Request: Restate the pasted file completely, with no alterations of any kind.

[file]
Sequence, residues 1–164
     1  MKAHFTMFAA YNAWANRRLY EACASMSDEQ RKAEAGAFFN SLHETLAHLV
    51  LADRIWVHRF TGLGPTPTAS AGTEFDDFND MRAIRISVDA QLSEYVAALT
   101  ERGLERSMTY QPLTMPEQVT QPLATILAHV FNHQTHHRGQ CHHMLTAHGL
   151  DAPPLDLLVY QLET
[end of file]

Sequence, residues 1–164
     1  MKAHFTMFAA YNAWANRRLY EACASMSDEQ RKAEAGAFFN SLHETLAHLV
    51  LADRIWVHRF TGLGPTPTAS AGTEFDDFND MRAIRISVDA QLSEYVAALT
   101  ERGLERSMTY QPLTMPEQVT QPLATILAHV FNHQTHHRGQ CHHMLTAHGL
   151  DAPPLDLLVY QLET